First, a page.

MANILA - About 90 percent of those infected with measles nationwide are unvaccinated, an official of the Department of Health said Thursday.
There are currently outbreaks of measles in the National Capital Region (NCR) and in Central Luzon, according to the DOH.
Locally known as "tigdas," measles affect mostly children aged 5 and below, but a handful of adults have also been treated in a Manila hospital, said Health Undersecretary Eric Domingo.
Vaccine against the disease is available in local health centers as it is part of the government's immunization campaign, but "a great majority" were not given the shots due to parents' fears of its possible side effects, said Domingo.
The DOH has recorded 196 cases of measles in NCR from January 1 to February 6 this year, higher than the 20 cases recorded in the same period last year.
Since January, at least 55 deaths from measles were recorded at the San Lazaro Hospital in Manila, most of them children aged 3 months to 4 years old.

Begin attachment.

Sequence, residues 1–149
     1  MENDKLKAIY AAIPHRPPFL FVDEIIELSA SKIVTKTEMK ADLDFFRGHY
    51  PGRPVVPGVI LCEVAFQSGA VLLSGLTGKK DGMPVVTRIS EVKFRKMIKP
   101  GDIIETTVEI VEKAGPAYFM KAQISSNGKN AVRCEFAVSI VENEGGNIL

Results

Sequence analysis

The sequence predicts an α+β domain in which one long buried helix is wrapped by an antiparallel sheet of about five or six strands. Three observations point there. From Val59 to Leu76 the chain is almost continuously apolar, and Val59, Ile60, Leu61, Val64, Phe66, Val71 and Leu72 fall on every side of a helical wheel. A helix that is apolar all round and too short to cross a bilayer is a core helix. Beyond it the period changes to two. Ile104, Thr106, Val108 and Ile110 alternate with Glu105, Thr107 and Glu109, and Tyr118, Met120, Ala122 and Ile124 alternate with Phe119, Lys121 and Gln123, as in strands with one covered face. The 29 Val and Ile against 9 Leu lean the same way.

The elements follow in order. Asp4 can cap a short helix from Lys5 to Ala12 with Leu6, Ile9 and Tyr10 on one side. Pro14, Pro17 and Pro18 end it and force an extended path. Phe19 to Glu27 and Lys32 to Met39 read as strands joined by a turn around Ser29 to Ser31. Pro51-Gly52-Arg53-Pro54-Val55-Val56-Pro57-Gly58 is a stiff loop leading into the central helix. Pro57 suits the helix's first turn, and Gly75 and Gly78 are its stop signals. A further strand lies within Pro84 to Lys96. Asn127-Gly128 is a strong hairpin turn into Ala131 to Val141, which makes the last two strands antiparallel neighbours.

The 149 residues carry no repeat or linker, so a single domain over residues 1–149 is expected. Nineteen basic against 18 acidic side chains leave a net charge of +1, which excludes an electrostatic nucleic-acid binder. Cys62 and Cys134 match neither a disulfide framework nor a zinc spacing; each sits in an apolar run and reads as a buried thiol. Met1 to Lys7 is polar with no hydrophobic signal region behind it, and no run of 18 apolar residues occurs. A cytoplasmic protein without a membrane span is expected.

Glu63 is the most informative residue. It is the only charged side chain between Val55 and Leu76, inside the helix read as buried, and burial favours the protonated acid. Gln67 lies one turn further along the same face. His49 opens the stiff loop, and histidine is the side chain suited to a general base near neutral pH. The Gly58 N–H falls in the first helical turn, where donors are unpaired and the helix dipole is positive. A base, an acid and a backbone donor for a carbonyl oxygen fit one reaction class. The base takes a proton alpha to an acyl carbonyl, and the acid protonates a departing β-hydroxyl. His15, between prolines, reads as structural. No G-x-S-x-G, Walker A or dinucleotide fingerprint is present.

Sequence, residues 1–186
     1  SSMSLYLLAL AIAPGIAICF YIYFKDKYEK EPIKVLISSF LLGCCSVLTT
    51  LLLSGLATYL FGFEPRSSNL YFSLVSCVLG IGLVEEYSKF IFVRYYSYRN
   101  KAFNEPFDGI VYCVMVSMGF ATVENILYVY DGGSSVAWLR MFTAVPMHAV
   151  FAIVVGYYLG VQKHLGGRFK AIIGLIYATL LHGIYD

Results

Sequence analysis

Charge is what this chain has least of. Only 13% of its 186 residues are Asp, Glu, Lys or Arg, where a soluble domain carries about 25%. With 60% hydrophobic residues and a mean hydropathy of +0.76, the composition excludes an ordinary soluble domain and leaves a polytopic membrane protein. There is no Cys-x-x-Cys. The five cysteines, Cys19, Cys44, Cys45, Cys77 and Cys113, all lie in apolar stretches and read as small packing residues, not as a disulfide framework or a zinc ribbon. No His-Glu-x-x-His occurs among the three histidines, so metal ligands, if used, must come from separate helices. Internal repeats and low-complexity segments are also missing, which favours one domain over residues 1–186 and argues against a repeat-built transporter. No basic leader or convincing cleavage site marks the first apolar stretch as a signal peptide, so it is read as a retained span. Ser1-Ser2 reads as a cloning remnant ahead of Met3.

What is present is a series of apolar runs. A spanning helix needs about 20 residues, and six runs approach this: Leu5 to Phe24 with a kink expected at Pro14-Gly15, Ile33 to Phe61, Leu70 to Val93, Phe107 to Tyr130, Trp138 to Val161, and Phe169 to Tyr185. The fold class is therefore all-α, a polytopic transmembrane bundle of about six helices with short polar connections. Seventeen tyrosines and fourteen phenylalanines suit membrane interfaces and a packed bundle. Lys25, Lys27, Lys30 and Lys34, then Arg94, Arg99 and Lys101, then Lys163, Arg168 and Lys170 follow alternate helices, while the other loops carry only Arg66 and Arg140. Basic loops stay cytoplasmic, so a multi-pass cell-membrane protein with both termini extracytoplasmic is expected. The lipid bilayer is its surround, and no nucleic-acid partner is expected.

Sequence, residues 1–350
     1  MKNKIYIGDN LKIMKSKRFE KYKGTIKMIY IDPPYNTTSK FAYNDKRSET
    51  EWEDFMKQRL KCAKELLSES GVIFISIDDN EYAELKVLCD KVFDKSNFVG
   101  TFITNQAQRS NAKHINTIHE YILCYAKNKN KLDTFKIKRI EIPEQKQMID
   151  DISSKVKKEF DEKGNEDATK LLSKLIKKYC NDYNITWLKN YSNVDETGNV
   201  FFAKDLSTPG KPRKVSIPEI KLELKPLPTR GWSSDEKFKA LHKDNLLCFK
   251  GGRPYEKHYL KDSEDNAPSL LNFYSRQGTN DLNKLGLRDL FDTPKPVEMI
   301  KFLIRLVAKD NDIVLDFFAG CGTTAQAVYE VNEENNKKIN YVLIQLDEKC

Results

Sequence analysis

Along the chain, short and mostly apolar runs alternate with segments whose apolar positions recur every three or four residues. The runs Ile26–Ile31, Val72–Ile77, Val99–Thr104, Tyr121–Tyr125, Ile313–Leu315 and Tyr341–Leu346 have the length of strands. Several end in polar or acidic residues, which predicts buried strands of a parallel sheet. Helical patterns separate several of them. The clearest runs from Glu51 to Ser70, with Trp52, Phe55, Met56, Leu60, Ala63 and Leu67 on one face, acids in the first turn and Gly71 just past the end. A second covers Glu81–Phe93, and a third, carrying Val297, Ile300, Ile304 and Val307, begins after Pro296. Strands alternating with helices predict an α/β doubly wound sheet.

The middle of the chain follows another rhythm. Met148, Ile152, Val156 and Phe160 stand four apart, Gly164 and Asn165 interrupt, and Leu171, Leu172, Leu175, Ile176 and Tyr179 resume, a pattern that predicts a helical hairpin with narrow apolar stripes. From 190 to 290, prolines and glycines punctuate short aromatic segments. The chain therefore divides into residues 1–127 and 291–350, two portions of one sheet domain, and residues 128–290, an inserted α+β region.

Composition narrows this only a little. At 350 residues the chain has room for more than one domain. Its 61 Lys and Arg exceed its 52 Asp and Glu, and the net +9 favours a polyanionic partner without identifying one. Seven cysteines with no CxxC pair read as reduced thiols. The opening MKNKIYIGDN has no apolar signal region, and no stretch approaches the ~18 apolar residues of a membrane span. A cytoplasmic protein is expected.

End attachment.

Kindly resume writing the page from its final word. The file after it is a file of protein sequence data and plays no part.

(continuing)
In Metro Manila, immunization coverage fell to only 40 percent last year, he told ABS-CBN's Umagang Kay Ganda. The controversy surrounding dengue vaccine Dengvaxia was one of the reasons cited by the parents for their refusal to get vaccinated, he said.
Manufacturers of the said drug, which was inoculated into hundreds of thousands of public school students, had warned in late 2017 that it may cause more severe dengue symptoms if administered on one yet to be afflicted with the mosquito-borne disease.
But Domingo said the public should "segregate" the issue because vaccines against measles have been used for about 50 years and have been proven to be safe and effective.